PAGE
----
The History of the Mystery
1841 - Edgar Allen Poe’s “The Murders in the Rue Morgue” is generally thought to be the first modern detective story in the English-speaking world. His protagonist, C. Auguste Dupin, created the template of eccentric genius that detective stories are modeled on to this day. In these stories, the main objective is the emotionless pursuit of truth — usually discovered by a mysterious method known only to the brilliant detective, combining observation and logical deduction. “Rue Morgue” is narrated by Dupin’s roommate, a frame narrative that will be familiar to fans of Sherlock Holmes, whose own stories were recorded by his roommate and friend Dr. John Watson.
1853 - Charles Dickens dabbled in detective fiction with one of the (many) subplots in Bleak House, surrounding the murder of a lawyer and a variety of suspects in disguise. Dickens was writing another detective novel, The Mystery of Edwin Drood, when he died – leaving it incomplete.
1859 - Wilkie Collins, whom Dickens mentored, is known as “the grandfather of English detective fiction” for The Woman in White, considered the first great mystery novel. T.S. Eliot went so far as to credit the detective genre to Collins instead of Poe for his 1868 novel The Moonstone. The Moonstone featured many details that went on to become staples of the genre: a famous professional sleuth, hapless local police, crime scene reconstruction, red herrings and the final plot twist.
1868 — Émile Gaboriau began developing this tradition in the French-speaking world with Monsieur Lecoq. The titular character is a master of disguise, a trait Sir Arthur Conan Doyle relied upon heavily for Sherlock Holmes, and also became the first fictional detective to meticulously scrutinize the crime scene for clues that others may have missed.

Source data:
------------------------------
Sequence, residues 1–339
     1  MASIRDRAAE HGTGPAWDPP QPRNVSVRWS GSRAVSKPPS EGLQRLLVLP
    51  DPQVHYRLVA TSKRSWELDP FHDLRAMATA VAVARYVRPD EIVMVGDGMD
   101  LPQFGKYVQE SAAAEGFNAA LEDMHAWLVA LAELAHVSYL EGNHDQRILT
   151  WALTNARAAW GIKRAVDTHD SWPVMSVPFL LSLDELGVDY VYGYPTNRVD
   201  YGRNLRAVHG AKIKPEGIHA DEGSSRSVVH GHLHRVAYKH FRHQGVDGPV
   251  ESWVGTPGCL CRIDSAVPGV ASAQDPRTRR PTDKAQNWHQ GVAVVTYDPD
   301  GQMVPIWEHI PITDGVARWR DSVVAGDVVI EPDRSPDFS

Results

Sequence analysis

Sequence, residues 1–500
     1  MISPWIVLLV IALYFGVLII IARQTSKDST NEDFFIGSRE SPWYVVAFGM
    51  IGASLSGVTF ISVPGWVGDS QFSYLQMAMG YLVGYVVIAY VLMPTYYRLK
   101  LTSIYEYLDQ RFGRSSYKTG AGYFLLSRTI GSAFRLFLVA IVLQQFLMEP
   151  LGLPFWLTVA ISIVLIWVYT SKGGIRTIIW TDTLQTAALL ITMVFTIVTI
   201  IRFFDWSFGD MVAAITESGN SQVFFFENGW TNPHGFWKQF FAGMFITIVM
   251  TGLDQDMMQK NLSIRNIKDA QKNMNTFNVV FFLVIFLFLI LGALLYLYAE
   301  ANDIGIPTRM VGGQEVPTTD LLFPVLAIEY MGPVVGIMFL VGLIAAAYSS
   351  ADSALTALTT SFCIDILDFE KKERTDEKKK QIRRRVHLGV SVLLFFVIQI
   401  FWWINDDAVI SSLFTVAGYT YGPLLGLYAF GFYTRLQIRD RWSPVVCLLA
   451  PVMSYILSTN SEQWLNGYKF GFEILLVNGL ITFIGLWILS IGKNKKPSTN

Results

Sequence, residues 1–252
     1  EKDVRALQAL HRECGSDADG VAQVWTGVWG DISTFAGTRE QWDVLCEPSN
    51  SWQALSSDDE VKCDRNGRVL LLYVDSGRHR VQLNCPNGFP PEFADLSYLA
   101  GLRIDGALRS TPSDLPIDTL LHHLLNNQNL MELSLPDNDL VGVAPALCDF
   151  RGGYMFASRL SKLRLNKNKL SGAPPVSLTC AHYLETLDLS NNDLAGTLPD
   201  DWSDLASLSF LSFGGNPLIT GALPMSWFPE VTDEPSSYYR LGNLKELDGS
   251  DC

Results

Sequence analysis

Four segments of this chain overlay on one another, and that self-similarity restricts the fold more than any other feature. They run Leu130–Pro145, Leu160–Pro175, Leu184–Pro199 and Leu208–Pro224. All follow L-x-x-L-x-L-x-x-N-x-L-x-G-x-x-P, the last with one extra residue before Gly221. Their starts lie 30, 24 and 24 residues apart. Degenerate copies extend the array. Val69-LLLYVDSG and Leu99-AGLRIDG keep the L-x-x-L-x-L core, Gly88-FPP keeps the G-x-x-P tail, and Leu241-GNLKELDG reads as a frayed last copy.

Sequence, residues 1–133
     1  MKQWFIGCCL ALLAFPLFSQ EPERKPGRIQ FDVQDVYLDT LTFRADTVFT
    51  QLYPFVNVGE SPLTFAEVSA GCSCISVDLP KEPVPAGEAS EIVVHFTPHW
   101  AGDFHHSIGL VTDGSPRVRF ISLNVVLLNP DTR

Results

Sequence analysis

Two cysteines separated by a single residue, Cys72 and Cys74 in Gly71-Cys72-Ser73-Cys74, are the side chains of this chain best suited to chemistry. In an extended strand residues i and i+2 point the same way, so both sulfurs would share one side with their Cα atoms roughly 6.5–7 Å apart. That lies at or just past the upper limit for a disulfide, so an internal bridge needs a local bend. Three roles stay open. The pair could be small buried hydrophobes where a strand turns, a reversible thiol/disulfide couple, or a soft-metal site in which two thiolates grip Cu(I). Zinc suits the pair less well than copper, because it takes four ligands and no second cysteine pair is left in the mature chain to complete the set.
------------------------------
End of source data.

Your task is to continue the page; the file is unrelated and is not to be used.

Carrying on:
1887 — In “A Study in Scarlet”, Arthur Conan Doyle introduced Sherlock Holmes, drawing on the foundations laid down by the mystery writers before him. Doyle’s consulting detective was influenced by Dupin and Lecoq — uncovering case-breaking clues by noticing minute details, using the art of deduction and even forensic science at a time when the field was just beginning to mature.
In fact, Dr. Edmond Locard, who established the first crime lab in 1910, became known as the “Sherlock Holmes of France” for developing the fundamental rule of forensic science: “Every contact leaves a trace.” This principle is the forerunner of the scenes we see in modern police procedurals when detectives scour the crime scene for hair, fingerprints, clothing fibers, and the various traces of DNA criminals inevitably leave behind.
***Stop by Unconventional Librarian tomorrow for the last stop on the SECRETS, SPIES & SHERLOCK BLOG TOUR and another chance to win!***
Secrets, Spies & Sherlock Blog Tour Schedule:
February 24th: The Dark Lady at The Write Path
February 25th: Treason at I Read Banned Books
February 26th: The Dark Lady at Buried in Books
February 27th: Treason at Loves2Read
February 28th: The Dark Lady at Akossiwa Ketoglo
March 3rd: Treason at GeoLibrarian
March 4th: The Dark Lady at Bookshelf Banter
March 5th: Treason at Candace’s Book Blog
March 6th: The Dark Lady at Through the Looking Glass
March 7th: Treason at Unconventional Librarian
About Sherlock, Lupin & Me: The Dark Lady by Irene Adler:
While on summer vacation, little Irene Adler meets a young William Sherlock Holmes. The two share stories of pirates and have battles of wit while running wild on the sunny streets and rooftops. When Sherlock's friend, Lupin, joins in on the fun, they all become fast friends. But the good times end abruptly when a dead body floats ashore on the nearby beach. The young detective trio will have to put all three of their heads together to solve this mystery.
About Secrets & Spies: Treason by Jo Macauley:
Fourteen-year-old Beth Johnson is a talented and beautiful young actress. She is also a spy. The year is 1664, and Charles II is on the throne, but all is not well in the bustling city of London, and there are those who would gladly kill the king and destroy the Monarchy. One morning, a mysterious ghost ship drifts up the Thames. Sent to investigate by the King's Master of Secrets, Alan Strange, Beth quickly finds herself embroiled in a dangerous adventure. Will Beth be able to unravel the plot to kill the King before it's too late?